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5 bizarre equipment graveyards in the strangest places imaginable



5

There’s a small island in the Pacific that’s loaded with Russian tanks

Despite the recent Nazi resurgence, World War II ended 75 years ago in 1945. Although hostilities officially ceased, it does not mean that all problems have been resolved. Actually, Japan and Russia are technically still at war – at least on paper – as both countries have refused to sign an official peace treaty for almost a century. (Even Biggies and Tupac’s mothers hugged it;; Overcome yourself.) The main point of conflict is control of the Kuril Islands, an archipelago that stretches between the Japanese island of Hokkaido and the Russian peninsula of Kamchatka. Basically, towards the end of the war, Russia conquered the strategically located islands, brought in huge amounts of military equipment and … simply never left. Neither does your equipment.

Most of the Kuril Islands are sparsely populated or completely uninhabited, which makes it especially strange to see a massive Soviet tank rusting amid an otherwise pristine landscape. One island in particular, Shikotan, is covered with IS-2 and IS-3 heavy tanks, as well as T-54 and T-55literally dumped and left behind as if they weren’t valuable enough to feed a Russian village or eight.

Great: As if sea birds weren’t enough pain in their asses, we’ve now given them a tank battalion.

Today Russia has an estimated 3,500 troops stationed on the islands and since then You have installed anti-ship and missile defense systemsThe tanks definitely don’t need them anymore. Whether they’re filled with fuel or shell scraps can only be guessed at, so if you’re planning a post-pandemic Visiting the islandsYou might see where you throw your frisbee.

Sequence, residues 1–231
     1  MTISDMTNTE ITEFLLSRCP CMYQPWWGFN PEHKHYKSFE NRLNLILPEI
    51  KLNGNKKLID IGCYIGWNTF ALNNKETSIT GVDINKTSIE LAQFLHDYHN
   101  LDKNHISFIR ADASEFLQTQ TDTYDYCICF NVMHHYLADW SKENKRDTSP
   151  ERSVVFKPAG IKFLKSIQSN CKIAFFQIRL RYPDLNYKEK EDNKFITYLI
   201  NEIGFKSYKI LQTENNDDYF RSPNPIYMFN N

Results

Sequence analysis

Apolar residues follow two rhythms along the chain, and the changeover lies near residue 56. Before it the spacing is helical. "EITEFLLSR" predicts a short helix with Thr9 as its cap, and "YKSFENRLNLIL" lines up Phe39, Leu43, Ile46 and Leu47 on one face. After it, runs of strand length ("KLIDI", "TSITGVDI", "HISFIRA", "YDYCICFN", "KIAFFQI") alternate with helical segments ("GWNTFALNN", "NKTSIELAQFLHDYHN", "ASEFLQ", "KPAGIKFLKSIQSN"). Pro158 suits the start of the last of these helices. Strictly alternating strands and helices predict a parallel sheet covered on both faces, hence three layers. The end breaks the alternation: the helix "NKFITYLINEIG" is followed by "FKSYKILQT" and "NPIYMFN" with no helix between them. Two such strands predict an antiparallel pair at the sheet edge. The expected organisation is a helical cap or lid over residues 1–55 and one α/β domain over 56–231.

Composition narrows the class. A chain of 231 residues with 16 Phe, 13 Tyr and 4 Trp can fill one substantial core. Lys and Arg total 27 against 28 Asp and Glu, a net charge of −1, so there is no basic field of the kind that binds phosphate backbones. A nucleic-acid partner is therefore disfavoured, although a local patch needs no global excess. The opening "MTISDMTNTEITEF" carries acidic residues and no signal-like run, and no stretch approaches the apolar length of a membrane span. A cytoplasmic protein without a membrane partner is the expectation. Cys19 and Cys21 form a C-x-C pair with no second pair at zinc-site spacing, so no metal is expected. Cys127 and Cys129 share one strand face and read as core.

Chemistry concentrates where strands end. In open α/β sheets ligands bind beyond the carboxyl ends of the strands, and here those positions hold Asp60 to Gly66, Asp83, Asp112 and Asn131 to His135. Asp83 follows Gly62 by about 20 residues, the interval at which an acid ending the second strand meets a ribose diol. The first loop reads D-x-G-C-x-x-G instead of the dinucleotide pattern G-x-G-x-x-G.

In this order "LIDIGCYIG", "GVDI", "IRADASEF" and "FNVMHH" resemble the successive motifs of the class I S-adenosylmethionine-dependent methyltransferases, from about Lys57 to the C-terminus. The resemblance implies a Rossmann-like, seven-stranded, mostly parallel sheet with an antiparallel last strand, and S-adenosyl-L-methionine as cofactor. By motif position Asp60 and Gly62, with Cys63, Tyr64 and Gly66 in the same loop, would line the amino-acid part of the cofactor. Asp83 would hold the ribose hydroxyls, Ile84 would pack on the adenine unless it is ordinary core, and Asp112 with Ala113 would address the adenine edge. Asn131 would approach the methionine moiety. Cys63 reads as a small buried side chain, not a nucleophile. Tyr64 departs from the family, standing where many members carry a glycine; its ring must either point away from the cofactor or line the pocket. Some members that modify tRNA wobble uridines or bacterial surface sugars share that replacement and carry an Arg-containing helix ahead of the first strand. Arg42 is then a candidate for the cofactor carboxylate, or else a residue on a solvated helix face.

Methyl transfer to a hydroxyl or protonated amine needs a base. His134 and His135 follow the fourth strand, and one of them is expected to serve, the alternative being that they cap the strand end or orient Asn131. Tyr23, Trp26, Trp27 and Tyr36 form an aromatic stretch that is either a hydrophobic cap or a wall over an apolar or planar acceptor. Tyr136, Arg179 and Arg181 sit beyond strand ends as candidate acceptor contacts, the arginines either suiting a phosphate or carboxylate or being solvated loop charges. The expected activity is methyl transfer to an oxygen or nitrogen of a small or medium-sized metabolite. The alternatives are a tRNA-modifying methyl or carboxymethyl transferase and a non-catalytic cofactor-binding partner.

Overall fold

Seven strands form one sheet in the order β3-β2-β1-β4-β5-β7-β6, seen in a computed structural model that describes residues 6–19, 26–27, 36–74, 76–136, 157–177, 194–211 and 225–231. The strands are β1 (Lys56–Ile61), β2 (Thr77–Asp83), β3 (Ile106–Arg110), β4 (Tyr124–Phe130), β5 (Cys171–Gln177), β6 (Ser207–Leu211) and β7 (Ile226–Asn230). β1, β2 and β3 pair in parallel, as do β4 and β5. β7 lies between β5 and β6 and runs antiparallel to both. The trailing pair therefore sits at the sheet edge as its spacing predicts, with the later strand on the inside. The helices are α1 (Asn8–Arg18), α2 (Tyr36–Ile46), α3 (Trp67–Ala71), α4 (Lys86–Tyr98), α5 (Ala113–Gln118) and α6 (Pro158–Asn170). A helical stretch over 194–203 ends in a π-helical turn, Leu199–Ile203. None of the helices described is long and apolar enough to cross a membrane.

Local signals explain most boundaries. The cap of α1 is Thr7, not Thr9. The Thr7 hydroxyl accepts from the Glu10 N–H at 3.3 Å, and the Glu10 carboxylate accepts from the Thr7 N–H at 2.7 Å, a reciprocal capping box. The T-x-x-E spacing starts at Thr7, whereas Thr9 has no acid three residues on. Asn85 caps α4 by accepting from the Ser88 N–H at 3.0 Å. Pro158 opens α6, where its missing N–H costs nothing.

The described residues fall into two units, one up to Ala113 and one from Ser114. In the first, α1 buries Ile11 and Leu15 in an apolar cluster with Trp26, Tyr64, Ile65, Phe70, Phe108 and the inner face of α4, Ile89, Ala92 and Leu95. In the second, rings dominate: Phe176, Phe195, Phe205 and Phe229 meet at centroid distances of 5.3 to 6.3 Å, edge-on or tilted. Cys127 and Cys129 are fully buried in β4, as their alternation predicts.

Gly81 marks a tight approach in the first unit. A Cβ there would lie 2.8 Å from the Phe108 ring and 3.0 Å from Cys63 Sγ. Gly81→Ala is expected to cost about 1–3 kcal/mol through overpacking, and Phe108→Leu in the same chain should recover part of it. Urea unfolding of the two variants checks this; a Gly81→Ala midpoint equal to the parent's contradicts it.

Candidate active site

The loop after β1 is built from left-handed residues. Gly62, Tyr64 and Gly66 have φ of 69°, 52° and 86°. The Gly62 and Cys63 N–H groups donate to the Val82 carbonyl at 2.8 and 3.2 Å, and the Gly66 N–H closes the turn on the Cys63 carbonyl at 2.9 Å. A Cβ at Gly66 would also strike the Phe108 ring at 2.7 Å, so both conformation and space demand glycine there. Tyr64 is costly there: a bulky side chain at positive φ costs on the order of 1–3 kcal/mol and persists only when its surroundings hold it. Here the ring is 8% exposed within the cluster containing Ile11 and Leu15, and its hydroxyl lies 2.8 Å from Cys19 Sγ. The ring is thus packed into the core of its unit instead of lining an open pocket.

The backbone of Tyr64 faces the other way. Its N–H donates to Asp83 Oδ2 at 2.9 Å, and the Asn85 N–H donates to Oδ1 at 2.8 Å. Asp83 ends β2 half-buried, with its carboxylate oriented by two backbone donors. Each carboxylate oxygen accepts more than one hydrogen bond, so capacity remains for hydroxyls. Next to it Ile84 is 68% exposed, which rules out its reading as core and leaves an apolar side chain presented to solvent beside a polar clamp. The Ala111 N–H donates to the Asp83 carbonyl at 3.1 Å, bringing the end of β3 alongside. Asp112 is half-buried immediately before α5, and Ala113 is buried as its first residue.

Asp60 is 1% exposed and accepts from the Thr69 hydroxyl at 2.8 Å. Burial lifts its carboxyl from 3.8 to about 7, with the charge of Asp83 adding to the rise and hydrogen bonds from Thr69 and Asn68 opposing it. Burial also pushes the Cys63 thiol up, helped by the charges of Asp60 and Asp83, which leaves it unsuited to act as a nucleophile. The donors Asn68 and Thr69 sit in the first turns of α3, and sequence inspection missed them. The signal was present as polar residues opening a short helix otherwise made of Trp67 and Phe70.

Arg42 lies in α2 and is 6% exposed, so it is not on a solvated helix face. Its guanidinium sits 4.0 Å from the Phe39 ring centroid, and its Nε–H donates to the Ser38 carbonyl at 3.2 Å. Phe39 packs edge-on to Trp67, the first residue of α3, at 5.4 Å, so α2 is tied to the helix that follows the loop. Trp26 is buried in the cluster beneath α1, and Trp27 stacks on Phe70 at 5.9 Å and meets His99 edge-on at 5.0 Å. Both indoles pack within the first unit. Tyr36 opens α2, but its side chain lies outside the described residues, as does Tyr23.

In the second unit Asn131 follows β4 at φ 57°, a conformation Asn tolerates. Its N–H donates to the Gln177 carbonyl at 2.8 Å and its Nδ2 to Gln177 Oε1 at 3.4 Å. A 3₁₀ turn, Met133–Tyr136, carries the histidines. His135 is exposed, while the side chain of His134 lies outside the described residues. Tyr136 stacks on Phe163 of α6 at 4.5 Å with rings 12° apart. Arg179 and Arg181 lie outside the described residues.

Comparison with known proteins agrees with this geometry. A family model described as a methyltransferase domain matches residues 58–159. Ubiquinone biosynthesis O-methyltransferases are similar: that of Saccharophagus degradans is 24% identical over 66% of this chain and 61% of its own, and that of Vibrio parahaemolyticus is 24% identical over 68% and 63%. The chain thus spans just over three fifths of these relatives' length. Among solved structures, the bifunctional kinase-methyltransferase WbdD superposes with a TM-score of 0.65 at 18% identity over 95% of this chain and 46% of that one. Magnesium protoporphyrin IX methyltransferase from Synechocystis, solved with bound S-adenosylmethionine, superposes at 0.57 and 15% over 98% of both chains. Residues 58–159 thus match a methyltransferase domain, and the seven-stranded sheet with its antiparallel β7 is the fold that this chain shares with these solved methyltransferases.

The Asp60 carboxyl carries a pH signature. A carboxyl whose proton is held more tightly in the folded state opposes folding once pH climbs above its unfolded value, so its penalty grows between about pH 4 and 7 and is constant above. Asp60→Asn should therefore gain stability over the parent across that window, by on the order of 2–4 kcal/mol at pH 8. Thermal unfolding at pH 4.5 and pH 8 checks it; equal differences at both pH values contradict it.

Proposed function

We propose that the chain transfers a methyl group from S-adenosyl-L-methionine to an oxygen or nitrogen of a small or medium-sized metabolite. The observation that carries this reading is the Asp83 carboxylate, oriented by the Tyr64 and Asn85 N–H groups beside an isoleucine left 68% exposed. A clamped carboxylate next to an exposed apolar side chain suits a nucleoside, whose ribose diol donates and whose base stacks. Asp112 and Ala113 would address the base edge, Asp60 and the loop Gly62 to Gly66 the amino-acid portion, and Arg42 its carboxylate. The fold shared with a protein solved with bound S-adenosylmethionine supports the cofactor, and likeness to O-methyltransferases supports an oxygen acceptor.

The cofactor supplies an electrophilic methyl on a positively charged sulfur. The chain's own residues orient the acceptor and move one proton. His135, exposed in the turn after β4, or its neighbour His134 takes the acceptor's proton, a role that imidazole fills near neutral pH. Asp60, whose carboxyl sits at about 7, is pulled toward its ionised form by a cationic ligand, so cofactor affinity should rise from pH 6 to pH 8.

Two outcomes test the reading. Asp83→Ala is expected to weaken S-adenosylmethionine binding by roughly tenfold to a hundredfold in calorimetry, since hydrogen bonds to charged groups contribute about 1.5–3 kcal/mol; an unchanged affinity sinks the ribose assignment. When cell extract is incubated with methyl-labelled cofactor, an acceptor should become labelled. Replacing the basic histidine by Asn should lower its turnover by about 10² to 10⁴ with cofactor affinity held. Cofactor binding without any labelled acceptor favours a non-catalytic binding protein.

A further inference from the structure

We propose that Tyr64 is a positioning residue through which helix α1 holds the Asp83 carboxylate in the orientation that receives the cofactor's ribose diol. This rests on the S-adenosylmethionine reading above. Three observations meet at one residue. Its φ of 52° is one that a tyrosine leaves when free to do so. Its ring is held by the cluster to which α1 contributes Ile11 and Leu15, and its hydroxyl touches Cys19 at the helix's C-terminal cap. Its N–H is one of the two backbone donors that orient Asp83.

4th

A bay in Scotland has become an oil rig retirement community

When someone says “Scotland” what is the first thing that comes to mind? Probably Brave heart, Bagpipes, haggis, national treasure Ewan McGregor, but definitely Not Oil rigs. But if you’re unemployed or an oil rig is aging, Scotland is the retirement home of your dreams and the place where all the happy, cool oil rigs cool their drills. As crude oil prices fall like they were arctic ice cream stands, more and more oil rigs are shut down. But what to do with a massive but no longer needed device that works in the middle of an ocean? Leave it there Well, sometimes that’s actually best. Most times They are towed to a specific bay in Northern Scotland hanging out with her friends. See Cromarty Firth:

Michael Elleray / via Atlas Obscura

John Allan / Geograph.org
“Okay gang, group picture! Everyone grinds together and says ‘Unsustainable emissions!'”




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